Cisco Prime Fulfillment MVSO comes with predefined and pretested service components for creating and modifying Metro Ethernet services. Cisco recognizes that no two service providers deploy services in exactly the same way, despite using the same underlying technologies, such as Virtual Private Wire Service (VPWS) or Ethernet VLANs. Hence, based on standards that incorporate best-of-class approaches to service creation, Cisco Prime Fulfillment MVSO allows providers to quickly create services like IP VPN, E-line, and E-LAN, using reusable technology building blocks, and tailor them to match their unique business rules.
With the ability to quickly spin up a working service, administrators have easier ways to define service requirements. They can see how the prebuilt service is designed and how it runs, then modify it to best fit into their network. Version 1.1 of the solution includes preassembled example E-line service workflows. Future versions will include additional preassembled service workflows.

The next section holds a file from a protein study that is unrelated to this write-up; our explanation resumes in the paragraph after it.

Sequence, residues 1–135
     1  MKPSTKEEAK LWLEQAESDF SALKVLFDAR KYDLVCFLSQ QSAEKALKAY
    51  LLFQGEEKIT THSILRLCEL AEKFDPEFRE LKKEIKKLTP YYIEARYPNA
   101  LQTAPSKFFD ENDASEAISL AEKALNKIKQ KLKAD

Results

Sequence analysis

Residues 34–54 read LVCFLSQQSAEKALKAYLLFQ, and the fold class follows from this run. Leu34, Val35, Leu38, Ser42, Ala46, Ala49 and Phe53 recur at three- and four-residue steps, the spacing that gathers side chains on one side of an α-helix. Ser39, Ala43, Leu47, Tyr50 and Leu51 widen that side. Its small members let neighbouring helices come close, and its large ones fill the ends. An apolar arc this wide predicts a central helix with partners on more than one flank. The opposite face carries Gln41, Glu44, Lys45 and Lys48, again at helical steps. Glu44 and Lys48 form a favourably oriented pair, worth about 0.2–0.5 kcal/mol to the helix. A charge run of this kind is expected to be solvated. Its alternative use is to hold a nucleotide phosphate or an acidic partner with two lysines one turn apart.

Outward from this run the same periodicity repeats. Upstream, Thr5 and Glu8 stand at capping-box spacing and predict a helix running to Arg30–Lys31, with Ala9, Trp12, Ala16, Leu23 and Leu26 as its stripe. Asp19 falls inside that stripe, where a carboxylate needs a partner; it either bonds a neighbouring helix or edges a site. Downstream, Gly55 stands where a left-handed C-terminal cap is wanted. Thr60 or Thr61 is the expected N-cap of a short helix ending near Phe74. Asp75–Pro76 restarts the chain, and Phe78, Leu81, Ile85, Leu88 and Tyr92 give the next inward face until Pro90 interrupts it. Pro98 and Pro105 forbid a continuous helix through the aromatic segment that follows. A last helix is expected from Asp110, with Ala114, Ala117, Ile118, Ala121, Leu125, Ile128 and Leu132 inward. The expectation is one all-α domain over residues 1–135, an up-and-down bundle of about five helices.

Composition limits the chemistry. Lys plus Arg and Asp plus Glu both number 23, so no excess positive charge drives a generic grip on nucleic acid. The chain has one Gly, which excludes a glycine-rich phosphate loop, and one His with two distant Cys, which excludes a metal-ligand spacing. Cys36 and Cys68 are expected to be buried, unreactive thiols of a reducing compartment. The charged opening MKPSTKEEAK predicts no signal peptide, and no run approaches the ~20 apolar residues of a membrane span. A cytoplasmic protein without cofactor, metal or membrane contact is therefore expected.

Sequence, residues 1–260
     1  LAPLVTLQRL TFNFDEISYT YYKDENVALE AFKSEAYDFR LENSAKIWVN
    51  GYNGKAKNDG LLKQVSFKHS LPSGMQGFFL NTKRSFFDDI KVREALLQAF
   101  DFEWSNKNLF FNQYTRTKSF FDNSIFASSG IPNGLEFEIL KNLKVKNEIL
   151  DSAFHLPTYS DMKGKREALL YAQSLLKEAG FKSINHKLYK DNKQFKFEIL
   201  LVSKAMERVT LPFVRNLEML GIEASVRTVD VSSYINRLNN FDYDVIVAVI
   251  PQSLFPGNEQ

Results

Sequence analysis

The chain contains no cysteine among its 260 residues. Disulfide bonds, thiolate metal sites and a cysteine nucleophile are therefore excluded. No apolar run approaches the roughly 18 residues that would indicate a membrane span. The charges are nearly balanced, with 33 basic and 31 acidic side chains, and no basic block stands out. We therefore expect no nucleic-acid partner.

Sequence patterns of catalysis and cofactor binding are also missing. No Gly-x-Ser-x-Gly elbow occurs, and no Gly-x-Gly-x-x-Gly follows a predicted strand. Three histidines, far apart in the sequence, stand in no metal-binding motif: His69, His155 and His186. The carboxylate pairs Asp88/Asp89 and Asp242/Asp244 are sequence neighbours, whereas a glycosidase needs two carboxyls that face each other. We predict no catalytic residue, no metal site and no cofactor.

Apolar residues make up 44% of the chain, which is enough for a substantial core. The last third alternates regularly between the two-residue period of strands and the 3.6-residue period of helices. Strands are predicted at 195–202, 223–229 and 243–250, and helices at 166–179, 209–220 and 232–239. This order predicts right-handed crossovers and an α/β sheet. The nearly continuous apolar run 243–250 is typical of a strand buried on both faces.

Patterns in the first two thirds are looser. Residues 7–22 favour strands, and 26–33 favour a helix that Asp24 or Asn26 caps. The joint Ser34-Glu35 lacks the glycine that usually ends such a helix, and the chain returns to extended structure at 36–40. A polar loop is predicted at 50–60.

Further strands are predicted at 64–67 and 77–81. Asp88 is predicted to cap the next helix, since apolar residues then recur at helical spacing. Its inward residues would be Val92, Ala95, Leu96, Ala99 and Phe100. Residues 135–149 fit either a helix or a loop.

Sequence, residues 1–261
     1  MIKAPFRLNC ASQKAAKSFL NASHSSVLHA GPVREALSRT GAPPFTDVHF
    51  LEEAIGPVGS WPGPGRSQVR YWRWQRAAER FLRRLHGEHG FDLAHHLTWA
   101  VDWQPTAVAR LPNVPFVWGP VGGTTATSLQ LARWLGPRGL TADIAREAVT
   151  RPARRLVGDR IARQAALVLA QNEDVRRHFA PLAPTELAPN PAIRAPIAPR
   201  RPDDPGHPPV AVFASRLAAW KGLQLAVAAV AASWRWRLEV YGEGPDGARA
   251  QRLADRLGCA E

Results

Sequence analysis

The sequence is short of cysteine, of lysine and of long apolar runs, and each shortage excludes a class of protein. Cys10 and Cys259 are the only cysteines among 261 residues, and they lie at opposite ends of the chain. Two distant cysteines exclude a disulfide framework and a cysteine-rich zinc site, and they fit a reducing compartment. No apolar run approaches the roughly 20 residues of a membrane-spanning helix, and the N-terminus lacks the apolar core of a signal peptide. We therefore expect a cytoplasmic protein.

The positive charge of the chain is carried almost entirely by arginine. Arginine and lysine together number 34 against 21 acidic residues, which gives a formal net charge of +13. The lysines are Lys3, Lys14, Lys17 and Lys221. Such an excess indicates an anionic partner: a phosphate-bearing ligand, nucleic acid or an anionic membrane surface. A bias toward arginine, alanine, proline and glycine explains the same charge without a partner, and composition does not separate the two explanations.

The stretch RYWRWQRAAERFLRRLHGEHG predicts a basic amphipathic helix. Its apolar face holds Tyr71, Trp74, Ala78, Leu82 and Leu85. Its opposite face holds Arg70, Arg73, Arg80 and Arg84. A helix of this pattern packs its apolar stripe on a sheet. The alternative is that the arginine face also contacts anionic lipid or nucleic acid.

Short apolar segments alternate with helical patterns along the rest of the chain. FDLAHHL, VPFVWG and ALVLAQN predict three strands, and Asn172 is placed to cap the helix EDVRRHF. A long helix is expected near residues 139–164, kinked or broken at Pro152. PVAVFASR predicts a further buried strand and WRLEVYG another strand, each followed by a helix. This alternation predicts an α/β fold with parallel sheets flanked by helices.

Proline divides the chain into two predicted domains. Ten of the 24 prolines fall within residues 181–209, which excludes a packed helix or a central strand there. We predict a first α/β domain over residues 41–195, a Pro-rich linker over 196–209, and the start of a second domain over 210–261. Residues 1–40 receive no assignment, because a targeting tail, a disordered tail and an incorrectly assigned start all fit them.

Cisco Prime Fulfillment MVSO also includes prebuilt adaptors for Cisco devices and Alcatel-Lucent 5620 SAM to make provisioning the newly created Metro Ethernet services easy and consistent. These adaptors allow repeatable, automated integration with Cisco and Alcatel-Lucent equipment.
Unique Features for Orchestration
Cisco Prime Fulfillment MVSO was designed to be vendor agnostic. It can translate service representations between its internal standards-based model and the unique ways that element management systems from Cisco, Alcatel-Lucent, and other vendors represent those services. The solution serves as an end-to-end orchestrator for any combination of single-vendor or multivendor equipment.